"In our culture of hype, the currency of praise has been so de-valued that no one credits it, even when deserved. The truth is, The Sopranos, whether in one-hour shots, 13-hour seasonal chunks, or the 86-hour long-form marathon—however you want to take it—is one of the masterpieces of American popular culture, on a par with the first two Godfathers, Mean Streets, and GoodFellas—the classics of Mob cinema—or even European epics such as Luchino Visconti's The Leopard, Bernardo Bertolucci's Novecento, or, as the late New York Times critic Vincent Canby first claimed, Rainer Werner Fassbinder's monumental 15½-hour Berlin Alexanderplatz, all of which The Sopranos dwarfs in terms of length, if not scope. New York's Museum of Modern Art honored The Sopranos in February 2001, when the senior film curator, Laurence Kardish, showed the first two seasons, along with a couple of films that influenced the show—including a Laurel and Hardy picture, Saps at Sea. This was the first time an American dramatic series for television had been shown at the museum. Kardish calls the show "an extraordinary blend of great psychological insight and social cartography, zany as well as poignant and resonant." No less an authority than Norman Mailer recently gave The Sopranos high praise indeed when he favorably compared the depth of its characterizations to that achieved in novels."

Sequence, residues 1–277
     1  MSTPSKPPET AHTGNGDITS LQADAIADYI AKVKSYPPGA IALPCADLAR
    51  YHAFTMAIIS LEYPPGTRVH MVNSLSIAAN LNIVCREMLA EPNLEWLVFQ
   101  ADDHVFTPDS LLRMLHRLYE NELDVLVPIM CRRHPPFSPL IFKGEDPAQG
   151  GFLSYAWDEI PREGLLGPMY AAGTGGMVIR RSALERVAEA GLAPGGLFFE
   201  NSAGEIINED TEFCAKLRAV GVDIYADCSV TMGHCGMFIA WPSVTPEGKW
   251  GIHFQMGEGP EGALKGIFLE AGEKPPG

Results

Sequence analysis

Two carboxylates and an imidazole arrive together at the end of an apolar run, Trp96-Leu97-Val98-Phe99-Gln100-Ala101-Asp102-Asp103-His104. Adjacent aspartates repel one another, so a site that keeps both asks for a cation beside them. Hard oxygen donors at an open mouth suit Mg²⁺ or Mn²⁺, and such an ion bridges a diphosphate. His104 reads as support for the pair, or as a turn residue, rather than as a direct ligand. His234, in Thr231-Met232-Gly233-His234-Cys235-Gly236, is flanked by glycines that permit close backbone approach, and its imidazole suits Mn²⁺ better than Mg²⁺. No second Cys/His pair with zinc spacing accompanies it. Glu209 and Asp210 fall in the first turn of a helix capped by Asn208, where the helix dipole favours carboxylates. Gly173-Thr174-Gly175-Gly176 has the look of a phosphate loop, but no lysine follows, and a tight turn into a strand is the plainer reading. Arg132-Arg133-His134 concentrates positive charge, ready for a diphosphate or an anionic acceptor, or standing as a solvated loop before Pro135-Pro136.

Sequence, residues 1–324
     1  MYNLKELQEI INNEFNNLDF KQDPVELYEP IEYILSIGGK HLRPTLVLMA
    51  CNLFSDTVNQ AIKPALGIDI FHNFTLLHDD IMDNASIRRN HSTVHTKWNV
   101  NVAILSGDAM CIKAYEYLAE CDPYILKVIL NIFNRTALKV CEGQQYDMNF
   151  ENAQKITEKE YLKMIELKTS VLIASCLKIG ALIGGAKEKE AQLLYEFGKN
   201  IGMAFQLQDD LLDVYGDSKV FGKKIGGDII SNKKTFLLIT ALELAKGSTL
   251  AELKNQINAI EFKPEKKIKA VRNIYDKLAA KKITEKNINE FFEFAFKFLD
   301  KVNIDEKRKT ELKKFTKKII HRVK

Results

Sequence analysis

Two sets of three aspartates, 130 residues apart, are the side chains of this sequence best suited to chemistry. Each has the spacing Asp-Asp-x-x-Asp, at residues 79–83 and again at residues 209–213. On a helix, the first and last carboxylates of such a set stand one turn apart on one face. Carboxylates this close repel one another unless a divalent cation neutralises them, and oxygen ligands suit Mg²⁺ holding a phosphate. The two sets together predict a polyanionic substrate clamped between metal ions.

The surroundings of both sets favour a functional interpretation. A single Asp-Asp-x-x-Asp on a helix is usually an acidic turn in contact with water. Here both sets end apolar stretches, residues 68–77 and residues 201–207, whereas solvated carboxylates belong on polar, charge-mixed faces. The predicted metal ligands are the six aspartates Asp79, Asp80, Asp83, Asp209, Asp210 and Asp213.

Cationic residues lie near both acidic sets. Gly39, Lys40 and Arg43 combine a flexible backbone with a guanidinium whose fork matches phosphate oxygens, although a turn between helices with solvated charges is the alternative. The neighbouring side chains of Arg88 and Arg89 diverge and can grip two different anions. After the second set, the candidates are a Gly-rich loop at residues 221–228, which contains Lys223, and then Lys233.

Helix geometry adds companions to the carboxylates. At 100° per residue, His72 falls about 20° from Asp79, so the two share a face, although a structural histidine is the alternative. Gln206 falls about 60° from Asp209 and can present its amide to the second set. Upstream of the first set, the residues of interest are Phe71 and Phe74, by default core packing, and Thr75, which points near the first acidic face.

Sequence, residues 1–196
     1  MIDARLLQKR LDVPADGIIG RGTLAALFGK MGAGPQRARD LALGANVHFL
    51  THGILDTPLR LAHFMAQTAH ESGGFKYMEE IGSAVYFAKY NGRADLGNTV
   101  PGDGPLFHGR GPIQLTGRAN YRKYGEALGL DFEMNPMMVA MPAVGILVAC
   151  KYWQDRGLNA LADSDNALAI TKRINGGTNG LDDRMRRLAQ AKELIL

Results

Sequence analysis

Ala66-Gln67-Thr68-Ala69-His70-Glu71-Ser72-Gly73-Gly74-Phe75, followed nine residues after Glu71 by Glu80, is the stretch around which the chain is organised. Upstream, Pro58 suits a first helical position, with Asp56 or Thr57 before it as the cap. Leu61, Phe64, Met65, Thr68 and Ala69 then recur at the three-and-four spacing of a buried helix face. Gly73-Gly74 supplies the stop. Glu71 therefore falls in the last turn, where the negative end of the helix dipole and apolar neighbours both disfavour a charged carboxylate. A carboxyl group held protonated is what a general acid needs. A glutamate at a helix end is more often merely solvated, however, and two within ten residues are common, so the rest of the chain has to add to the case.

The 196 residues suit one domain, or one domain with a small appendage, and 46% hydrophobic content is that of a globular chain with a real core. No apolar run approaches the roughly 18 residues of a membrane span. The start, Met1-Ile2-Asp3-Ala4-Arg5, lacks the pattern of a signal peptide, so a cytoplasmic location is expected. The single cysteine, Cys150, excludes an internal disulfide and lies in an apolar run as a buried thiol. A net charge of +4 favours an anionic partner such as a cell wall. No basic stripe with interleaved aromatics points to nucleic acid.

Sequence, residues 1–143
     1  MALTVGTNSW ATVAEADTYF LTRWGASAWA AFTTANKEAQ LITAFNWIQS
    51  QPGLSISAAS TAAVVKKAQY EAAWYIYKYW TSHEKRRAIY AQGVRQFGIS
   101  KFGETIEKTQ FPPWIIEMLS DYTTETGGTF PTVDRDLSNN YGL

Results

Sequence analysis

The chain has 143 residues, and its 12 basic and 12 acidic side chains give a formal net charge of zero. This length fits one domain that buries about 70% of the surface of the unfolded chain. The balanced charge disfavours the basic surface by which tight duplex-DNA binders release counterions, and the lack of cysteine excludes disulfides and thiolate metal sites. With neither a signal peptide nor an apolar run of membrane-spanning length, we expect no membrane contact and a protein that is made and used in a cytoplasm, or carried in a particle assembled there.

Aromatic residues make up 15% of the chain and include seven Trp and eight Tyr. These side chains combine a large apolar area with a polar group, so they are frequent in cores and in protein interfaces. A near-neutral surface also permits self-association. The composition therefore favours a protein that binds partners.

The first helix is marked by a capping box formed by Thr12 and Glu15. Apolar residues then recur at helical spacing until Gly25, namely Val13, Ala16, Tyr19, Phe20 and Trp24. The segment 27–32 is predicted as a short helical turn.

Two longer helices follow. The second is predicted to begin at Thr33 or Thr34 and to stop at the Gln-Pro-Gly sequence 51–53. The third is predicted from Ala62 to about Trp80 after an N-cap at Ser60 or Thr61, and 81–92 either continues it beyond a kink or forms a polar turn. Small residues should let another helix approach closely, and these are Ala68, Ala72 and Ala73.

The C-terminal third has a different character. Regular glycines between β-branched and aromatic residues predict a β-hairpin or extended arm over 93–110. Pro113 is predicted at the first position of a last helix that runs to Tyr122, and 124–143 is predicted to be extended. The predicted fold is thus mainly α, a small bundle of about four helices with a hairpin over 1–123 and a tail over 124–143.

In Vanity Fair